Sun Tolerant Hostas

big-daddy-hosta-2-400Is there such a thing as sun tolerant Hostas? Find out which varieties fare better in sunny areas and those to avoid plus growing tips for “sun” Hostas. I have also written about how to use hostas in a perennial bed border.

How many times have you been on a garden tour and have seen a Hosta variety that you remember for days?  It is what makes avid gardeners take their pencil and paper along to these outings and write down all the names of the excellent varieties they want to add to their own flower beds. However it can be difficult to duplicate the planting conditions and sun exposure.

Many times each year someone that visits our home will ask me about “Sun Hostas” and mention they have heard or read there were some new Hostas that were good to plant in the sun.

I always tell them, no, there are no “Sun Hostas” but that some of the varieties are able to stand more sun than others. The person asking always seems disappointed when I tell them that there are no specific Hosta varieties bred to consider it a plant for full sun.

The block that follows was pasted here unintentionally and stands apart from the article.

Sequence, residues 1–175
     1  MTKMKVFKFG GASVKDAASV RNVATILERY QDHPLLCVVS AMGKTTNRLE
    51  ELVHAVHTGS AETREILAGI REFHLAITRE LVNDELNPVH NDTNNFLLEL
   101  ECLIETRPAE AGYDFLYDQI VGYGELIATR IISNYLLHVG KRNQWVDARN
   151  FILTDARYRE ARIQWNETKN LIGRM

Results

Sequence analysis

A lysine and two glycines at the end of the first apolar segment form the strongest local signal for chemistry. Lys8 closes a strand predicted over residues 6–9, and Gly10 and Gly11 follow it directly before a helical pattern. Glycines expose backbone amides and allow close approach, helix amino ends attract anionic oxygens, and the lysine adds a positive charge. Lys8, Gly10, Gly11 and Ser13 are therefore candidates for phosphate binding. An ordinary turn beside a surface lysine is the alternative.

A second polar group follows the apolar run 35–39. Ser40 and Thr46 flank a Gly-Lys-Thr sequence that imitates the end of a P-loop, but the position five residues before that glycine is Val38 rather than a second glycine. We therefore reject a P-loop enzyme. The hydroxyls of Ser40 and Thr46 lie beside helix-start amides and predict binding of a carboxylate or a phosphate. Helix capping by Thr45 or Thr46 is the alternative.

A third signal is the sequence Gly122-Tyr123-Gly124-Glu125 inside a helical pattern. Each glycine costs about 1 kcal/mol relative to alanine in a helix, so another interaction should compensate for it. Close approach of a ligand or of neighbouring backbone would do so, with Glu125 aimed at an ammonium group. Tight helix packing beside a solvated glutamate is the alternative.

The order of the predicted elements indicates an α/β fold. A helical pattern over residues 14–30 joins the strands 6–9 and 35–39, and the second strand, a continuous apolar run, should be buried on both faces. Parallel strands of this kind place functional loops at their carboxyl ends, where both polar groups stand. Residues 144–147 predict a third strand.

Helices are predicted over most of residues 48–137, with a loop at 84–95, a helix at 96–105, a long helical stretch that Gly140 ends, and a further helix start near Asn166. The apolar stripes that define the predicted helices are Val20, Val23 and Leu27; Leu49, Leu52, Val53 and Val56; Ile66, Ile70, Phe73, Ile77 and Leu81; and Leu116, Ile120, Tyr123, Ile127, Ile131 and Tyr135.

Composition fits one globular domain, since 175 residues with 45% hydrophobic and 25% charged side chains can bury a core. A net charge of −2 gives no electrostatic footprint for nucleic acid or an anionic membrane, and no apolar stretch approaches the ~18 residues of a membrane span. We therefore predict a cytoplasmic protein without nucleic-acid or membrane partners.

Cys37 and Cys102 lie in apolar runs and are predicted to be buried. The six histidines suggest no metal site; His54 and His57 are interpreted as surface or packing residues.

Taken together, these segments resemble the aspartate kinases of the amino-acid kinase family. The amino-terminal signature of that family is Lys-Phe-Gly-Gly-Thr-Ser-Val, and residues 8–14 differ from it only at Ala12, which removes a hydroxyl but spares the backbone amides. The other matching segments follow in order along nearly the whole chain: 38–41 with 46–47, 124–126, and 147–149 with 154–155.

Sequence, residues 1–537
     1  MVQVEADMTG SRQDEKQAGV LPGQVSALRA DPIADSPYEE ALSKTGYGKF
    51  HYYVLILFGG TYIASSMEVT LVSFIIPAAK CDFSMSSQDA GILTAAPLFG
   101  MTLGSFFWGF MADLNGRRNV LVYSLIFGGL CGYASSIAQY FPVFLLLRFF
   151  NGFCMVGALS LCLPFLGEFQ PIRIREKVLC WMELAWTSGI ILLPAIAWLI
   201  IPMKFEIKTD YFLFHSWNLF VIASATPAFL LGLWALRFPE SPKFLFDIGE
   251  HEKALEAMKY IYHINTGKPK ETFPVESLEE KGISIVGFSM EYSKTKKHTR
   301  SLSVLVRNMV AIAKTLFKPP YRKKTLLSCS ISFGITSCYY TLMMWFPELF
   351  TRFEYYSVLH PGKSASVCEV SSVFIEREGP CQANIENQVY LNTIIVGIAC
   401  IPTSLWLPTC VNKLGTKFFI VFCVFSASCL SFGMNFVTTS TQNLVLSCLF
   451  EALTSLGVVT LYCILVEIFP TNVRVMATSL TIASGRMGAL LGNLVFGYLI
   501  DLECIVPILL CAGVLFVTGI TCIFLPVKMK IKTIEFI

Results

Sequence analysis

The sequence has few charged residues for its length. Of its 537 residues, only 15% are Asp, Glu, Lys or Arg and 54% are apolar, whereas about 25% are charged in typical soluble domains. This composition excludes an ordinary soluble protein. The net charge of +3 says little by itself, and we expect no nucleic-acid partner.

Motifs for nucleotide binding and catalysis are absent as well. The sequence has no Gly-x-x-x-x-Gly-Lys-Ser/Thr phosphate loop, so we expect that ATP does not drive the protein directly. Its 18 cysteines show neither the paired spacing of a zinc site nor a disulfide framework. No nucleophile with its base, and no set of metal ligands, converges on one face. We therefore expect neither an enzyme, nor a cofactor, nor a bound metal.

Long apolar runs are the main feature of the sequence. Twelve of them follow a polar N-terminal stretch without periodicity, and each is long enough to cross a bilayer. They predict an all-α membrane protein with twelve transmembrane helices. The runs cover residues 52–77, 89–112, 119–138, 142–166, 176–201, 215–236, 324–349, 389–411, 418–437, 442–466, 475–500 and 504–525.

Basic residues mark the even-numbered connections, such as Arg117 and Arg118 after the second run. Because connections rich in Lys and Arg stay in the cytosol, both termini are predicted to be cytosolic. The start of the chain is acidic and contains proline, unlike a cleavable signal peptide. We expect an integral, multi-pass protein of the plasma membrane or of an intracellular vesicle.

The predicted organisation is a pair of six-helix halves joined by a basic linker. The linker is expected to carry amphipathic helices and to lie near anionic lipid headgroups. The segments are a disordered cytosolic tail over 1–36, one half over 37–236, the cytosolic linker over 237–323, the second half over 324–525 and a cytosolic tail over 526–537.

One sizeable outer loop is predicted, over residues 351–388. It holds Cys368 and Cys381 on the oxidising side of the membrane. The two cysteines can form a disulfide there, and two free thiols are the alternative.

I too would love to purchase a Hosta that would thrive in the hot sun in the south west corner of a building!

Hosta Varieties that Fare better in Sunny Areas

Not all is lost though, as many of the heavy rugose leaved Hostas will withstand more sun than others. Varieties that are better suited for hot sun places are Halcyon, August Moon, Sum & Substance, Sun Power and ones like Big Daddy with large corrugated leaves. Also, June, Touch of Class, Gold Regal, King Tut, Lady Isobel Barnett, Krossa Regal, Paradigm, Elaitor, Nigrescens, Komodo Dragon, Montana, (the species all green variety) and Bressingham Blue.

Mostly you have to try it in your setting and soil to see how things work.  If there isn’t any afternoon shade, then probably plant something different in that spot or use some man-made shade.

Varieties of Sun Tolerant Hostas

There may be more, but these I have in my gardens and so can say they are quite sun tolerant.

  • Halcyon
  • August Moon
  • Sum & Substance
  • September Sun
  • Sun Power
  • Big Daddy
  • June
  • Touch of Class
  • Gold Regal
  • King Tut
  • Lady Isobel Barnett
  • Paradigm
  • Elaitor
  • Nigrescens
  • Montana (all green species)
  • Bressingham Blue